Roofing has a key practical purpose in architecture: It is the primary aspect protecting inhabitants from the weather. It needs to be weatherproof to not only effectively cover people, but also to protect the utilities of the structure. A metal roof is also an aesthetic addition that completes the statement of the design. Metal roofing affected the roofing industry at key points in history and is a true product of the Industrial Revolution. Many historic American buildings have metal roofs, and several of the architects who helped shape early American architecture preferred the material.
Sheet metal was developed during the American Revolutionary War (1775-1783). A manufacturer named Robert Morris created it in Trenton, New Jersey. Morris created the first sheet metal roof for his own Philadelphia mansion. Sheet-metal roofing because popular in the 19th century, and metal roofing was specifically used on buildings whose roofs had a gentle, rather than steep, incline. With domed or gently inclined roofs, tile and clay would not maintain the shape. Sheet metal was first used for agricultural and industrial buildings.
Corrugated iron was patented in England in 1829. Corrugation is a process that stiffens the metal sheets. Due to this process, corrugated metal is used over a greater area with a lighter frame. This reduced installation and labor costs significantly.
In 1837, galvanization was developed in France. Galvanized metal is treated with zinc to prevent rusting. By the 1850’s, galvanized iron was being used in post offices, train sheds, and factories. The metal was also fire-proof thanks to the galvanization process.
Canada used tinplate iron roofing with greater regularity before the United States did. Thomas Jefferson advocated for the use of tin roofing. When rolling mills were established in the States, tinplate roofing became very popular. The lightweight, low-cost, and low-maintenance material could be embossed with patterns, which kept it popular through the late 19th century.
Terne plate was a similar material to tinplate iron roofing. Tinplate is iron plated with tin, while terne plate is iron dipped in an alloy of lead and tin. The confusion between the two materials makes it difficult to discern when terne plate was created or how often it was used.
W. F. Norman Manufacturing Co. was one of the first manufacturers of stamped sheet metal that imitated clay tiles. This roofing material was popular in the late 20th century in places with hot weather, like Nevada, New Mexico, and Colorado. The stamped metal provides the aesthetic effect of tile while keeping the building at a cooler temperature.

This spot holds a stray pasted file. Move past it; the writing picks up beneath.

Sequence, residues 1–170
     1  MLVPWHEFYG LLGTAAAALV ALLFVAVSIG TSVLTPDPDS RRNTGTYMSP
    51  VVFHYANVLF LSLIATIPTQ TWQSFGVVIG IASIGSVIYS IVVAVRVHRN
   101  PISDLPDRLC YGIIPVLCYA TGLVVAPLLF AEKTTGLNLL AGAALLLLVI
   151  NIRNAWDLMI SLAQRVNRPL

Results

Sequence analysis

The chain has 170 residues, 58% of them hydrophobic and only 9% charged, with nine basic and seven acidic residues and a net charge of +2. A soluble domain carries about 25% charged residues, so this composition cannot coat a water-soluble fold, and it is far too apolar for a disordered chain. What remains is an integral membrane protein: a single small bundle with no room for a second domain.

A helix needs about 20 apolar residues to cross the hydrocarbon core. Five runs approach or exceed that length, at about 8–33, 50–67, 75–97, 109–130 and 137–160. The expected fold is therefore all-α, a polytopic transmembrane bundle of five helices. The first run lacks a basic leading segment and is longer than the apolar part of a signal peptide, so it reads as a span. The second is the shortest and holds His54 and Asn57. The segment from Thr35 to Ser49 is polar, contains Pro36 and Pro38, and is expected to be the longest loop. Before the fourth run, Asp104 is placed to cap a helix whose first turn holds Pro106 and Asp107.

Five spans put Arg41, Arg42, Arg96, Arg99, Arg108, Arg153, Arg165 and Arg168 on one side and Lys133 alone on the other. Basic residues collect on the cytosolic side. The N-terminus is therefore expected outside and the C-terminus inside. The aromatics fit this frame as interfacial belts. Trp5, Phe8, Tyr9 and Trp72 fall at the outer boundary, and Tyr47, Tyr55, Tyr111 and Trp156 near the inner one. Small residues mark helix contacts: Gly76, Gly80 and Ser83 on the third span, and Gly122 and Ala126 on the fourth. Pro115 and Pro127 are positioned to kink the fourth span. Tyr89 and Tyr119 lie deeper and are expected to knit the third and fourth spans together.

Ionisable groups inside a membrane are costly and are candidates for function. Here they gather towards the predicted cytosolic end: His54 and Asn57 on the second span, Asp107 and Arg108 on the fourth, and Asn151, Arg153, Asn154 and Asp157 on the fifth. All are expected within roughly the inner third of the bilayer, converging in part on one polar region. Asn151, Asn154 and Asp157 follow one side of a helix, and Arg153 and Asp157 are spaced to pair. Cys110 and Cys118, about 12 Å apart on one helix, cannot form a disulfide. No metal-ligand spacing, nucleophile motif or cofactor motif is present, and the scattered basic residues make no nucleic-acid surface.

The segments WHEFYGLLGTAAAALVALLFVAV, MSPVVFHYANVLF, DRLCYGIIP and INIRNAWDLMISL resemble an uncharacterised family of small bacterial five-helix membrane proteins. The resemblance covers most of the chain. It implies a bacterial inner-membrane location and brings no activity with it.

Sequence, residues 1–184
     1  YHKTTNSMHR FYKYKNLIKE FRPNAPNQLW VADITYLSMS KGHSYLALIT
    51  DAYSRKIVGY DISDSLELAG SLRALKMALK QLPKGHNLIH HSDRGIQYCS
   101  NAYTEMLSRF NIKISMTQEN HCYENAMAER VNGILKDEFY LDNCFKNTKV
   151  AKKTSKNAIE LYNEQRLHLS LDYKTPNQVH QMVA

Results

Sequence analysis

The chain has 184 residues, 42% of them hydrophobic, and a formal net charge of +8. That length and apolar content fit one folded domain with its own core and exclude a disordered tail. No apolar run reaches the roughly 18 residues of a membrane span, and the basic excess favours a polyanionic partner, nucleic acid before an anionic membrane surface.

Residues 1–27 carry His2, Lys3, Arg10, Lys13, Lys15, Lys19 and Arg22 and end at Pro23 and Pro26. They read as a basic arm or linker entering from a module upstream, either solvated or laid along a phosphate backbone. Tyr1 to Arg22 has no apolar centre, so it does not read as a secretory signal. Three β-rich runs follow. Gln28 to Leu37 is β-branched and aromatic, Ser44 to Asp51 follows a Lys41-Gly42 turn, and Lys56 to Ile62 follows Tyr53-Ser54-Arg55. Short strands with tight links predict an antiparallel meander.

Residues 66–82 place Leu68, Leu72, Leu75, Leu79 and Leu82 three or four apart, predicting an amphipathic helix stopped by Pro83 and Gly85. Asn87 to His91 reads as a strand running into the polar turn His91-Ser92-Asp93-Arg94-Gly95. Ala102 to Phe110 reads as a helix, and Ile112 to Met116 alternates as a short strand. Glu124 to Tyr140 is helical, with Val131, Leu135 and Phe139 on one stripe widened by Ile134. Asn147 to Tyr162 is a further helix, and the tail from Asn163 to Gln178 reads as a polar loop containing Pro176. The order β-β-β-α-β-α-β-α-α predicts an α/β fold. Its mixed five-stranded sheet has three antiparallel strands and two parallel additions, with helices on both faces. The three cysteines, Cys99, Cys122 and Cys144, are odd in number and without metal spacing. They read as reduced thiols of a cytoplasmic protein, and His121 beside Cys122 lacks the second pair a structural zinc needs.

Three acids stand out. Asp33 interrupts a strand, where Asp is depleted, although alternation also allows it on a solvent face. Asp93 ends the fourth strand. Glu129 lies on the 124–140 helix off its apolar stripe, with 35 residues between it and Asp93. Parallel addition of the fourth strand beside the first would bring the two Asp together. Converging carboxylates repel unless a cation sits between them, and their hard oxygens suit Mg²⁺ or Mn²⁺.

Christ Church in Philadelphia is the final resting place of most of the signers of the Declaration of Independence. It was the tallest building in the very young United States of America from 1754 to 1810. Copper sheets with standing seams covered the roof of Christ Church from 1727 to 1744. These copper plates were imported from England. At the end of the 18th century, American manufacturers developed facilities for rolling sheet metal and the copper from England was no longer needed.
Monticello was the primary plantation owned by Thomas Jefferson. The giant plantation house (which Jefferson designed) had tinplate iron roofing from its conception in 1770 until 1802. The building is currently a UNESCO World Heritage Site.
Nassau Hall at Princeton University is a pillar of American history. It survived an attack during the American Revolutionary War and went on to be the site where George Washington was congratulated by the patriots on the victory of the war and signing of peace with England. In 1802, the hall was ravaged by a fire and only the walls were left standing. During the refurbishment, the roof was replaced with a sheet metal roof. The architect in charge of the refurbishment was Benjamin H. Latrobe.
The Arch Street Meetinghouse is a historical landmark in American history and the hub of Quaker worship. It stands in Philadelphia and was built in 1805 with a tin shingle roof.
William Strickland was an architect and student of Benjamin H. Latrobe. He designed many historic buildings in Philadelphia. In 1834 he proposed a corrugated iron cover to serve as a roof for his design of the Philadelphia marketplace.
One of the first metal roofs in the South was installed in 1857. It was installed on the U.S. Mint in New Orleans. The Mint’s roof had 20-gauge galvanized, corrugated iron, thus making it fireproof. It closed during the Civil War and was closed permanently as a minting facility after the war ended. It is currently a branch of the Louisiana State Museum.